The following year, in a David against Goliath scenario, the Ogiek filed a case against the Kenyan government. They claimed that in October 2009, the Kenya Forest Service (KFS), an agency of the Kenyan government, gave the Ogiek and other people living in Mau Forest a 30-day eviction notice on the grounds that they lived in a reserved water catchment zone. They reject that this decision was a conservation attempt and alleged a number of violations of the African Charter.
The Ogiek demanded the halting of evictions, and that their ancestral land in the Mau Forest be legally recognised as theirs. They also asked for compensation for loss of property and natural resources, and freedom to practise their culture and religion, among other things.
The OPDP and MRG, with Claridge as the lead lawyer, brought this case to court. It was the first time the African Court on Human and People's Rights had heard a case from an indigenous group.
In 2013, the court ruled that the Kenyan government ban all land transactions in Mau Forest, and suspend evictions until it reaches a final verdict.
Despite the ruling four years ago, the Ogiek claim they continued to suffer abuses. In June last year, police and KFS rangers forcibly evicted Ogiek families in Mount Elgon and burned down their homes.
In March last year, Stephen Munyereri, an Ogiek elder in his 60s, was salvaging belongings from the burnt-out remains of his son's property when he was shot and killed.
Just days earlier, land grabbers had burned down his son's house.
Munyereri's death came at a time when the Ogiek had been involved in land disputes with members of a neighbouring tribe in the Ngongongeri area of western Kenya. More than 100 Ogiek families had been evicted from their homes, and 15 houses were destroyed.
While Munyereri was at the property, a man claiming to be the landowner confronted him. According to neighbours, an argument over land ownership escalated and the man shot the Ogiek elder, who was unarmed. The culprit was arrested but released on bond that same day.
Kobei, of OPDP, says Munyereri's family is still waiting for a trial, which has already been postponed several times.
"How would you feel seeing somebody who has killed your father moving around?" Kobei says.
MRG have demanded a proper investigation.
"Before we used to experience eviction, but nobody had been killed," Kobei says.
The Ogiek have in the past turned to the courts to address their grievances such as land grabs, without much success.
"Some cases dated back to 1997 and were determined in 2014," Kobei says. "This [length of time] is indeed an insult to human rights, especially in a community where mass violation has been experienced."
In a fast-changing world, the Ogiek have had to adapt to modern life, and consequently have already lost many of their traditions, such as those related to medicines or coming-of-age ceremonies connected to the forest.
"If they are not allowed to have their land back then, as a people, they are threatened with extinction," Claridge said in an interview before today's verdict.
Sang, who is in his 40s, has worked towards securing the Ogiek's indigenous and land rights for decades.
He told Al Jazeera that his activism has taken him around the world with different organisations to conferences on indigenous rights and he has been inspired by groups such as New Zealand's Maoris.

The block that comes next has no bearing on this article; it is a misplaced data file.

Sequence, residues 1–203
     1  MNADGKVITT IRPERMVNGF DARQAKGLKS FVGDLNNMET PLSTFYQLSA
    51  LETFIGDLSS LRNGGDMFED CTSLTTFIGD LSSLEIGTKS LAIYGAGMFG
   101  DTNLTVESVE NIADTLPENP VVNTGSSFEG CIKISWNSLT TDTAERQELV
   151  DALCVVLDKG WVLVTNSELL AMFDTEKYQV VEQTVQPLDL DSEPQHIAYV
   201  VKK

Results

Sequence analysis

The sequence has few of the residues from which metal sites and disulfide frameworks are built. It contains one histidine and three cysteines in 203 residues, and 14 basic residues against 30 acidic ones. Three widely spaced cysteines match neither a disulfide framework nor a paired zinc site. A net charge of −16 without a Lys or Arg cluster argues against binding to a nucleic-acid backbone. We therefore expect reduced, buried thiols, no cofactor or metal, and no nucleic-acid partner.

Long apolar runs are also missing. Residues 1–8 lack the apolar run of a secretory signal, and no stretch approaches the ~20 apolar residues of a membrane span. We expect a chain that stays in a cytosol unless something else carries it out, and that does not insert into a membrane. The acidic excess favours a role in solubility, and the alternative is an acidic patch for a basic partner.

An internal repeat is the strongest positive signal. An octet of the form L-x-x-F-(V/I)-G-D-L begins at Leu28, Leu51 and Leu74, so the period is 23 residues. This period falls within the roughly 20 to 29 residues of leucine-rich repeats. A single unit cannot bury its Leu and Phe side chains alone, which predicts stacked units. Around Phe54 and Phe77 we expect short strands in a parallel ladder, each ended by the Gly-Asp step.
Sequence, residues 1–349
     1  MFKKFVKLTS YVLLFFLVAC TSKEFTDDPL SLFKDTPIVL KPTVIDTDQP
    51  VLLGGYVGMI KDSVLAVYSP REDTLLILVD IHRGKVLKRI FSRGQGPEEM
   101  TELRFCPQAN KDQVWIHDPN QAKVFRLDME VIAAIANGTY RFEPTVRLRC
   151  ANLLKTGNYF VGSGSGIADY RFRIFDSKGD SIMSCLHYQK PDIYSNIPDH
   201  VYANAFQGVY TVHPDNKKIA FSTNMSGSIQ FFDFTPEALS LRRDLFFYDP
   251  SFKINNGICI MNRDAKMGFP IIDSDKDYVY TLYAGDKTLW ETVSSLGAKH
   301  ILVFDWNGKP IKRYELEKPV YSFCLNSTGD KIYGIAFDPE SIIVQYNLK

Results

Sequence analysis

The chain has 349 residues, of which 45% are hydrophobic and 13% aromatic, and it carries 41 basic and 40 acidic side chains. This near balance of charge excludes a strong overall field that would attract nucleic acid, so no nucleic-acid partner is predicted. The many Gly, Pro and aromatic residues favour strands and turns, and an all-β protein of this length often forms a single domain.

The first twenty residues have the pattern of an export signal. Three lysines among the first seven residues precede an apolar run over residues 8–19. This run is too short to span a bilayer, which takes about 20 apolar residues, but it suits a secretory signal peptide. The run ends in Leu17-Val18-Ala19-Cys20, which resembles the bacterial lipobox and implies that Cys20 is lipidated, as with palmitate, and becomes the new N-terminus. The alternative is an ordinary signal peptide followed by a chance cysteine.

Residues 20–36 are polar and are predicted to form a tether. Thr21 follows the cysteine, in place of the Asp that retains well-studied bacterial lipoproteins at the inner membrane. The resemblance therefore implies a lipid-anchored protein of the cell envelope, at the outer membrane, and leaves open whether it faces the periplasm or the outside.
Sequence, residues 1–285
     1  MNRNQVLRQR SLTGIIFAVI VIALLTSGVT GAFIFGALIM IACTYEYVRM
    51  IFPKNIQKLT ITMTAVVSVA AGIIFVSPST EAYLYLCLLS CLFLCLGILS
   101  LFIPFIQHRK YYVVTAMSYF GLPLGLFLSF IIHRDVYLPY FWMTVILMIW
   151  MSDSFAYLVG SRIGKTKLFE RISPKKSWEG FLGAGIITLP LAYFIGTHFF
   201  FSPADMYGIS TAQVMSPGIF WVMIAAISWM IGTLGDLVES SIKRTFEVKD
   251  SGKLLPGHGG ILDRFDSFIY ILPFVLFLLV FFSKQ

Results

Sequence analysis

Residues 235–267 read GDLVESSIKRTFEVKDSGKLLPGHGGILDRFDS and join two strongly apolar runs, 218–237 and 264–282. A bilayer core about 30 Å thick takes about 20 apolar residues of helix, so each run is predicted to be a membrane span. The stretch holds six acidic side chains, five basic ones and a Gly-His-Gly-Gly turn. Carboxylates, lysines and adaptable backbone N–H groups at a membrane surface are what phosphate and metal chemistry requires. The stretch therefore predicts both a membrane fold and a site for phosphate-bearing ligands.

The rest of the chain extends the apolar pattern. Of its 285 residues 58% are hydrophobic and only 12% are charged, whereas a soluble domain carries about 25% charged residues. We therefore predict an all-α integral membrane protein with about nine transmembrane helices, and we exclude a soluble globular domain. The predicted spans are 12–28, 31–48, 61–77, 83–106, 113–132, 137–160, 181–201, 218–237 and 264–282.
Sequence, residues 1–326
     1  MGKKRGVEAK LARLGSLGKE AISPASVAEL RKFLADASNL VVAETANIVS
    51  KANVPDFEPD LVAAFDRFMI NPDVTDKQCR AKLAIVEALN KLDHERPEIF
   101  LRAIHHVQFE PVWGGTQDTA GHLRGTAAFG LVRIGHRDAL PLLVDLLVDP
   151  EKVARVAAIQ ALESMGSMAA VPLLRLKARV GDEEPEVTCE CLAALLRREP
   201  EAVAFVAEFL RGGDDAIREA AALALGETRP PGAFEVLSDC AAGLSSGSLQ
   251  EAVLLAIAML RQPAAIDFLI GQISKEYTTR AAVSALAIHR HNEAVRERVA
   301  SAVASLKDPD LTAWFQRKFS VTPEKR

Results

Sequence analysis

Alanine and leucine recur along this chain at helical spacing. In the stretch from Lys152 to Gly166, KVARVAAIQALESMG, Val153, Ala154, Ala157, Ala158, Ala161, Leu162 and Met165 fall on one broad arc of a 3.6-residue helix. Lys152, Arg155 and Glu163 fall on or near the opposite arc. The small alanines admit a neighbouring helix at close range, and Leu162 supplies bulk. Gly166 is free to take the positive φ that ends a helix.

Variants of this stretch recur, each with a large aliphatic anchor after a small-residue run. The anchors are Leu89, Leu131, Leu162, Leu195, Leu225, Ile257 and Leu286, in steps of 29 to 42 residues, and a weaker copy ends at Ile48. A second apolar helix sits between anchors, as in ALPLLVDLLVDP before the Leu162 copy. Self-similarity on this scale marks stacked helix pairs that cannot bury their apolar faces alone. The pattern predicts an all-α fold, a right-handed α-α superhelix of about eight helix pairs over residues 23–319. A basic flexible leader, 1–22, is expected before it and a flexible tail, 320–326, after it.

Once, while at a conference in the Philippines as coordinator of the Ogiek Welfare Council, an NGO working towards Ogiek rights until it closed in 2005, he saw farmers mapping their land.
"I thought, how can we reclaim our land using this method?" he said.
Using aerial photographs and elder knowledge, he says the Ogiek mapped their land in eastern Mau by 2010.
"Now we had evidence of the land we were claiming," said Francis Lesingo, an Ogiek elder from eastern Mau.
Although mapping one area wasn't enough to support a comprehensive land claim, Lesingo believes the exercise was important for his community.
"When the elders came together and mapped their land across all the clans, they finally realised they were one," he said.
Namati is currently supporting OPDP in finding ways to expand the mapping exercise to cover all Ogiek land.
The Ogiek have tried to safeguard their culture by passing traditional knowledge on to younger generations. The OPDP also organises a cultural festival every year in Nakuru, but the months change, depending on how successful they are at fundraising.
Nevertheless, experts say these efforts are not enough for the Ogiek's cultural survival.
"It's dying out. It has already died out," said Claridge of Ogiek language and traditions.
The Ogiek were initially expecting a verdict from the African Court in March, but the hearing was delayed, according to Claridge, because the judges needed more time to deliberate on a case with such wide-reaching ramifications.
"This case is of fundamental importance for indigenous peoples in Africa, and particularly in the context of the continent-wide conflicts we are seeing between communities, sparked by pressures over land and resources," said Claridge in a press release on May 22.
Speaking ahead of the May 26 ruling, John Samorai, programme officer at the OPDP, said: "Many of us will be able to see our fate determined." Then he had added, with pride: "Whatever the verdict, we will have fought our battle."
With general elections taking place in August, Claridge said today: "[The Kenyan government] needs to honour the [court] decision immediately. It cannot continue to give out land to carry political favour, it needs to respect Ogiek land rights, it needs to respect the distinct culture and identity and it needs to do so now."
Kobei said this evening that he is optimistic that the current or incoming government will honour the court verdict.
"This is a historic moment for the Ogiek. We have seen success for the first time," he said. "We expect the government of Kenya to respect the decision and give Ogiek recognition."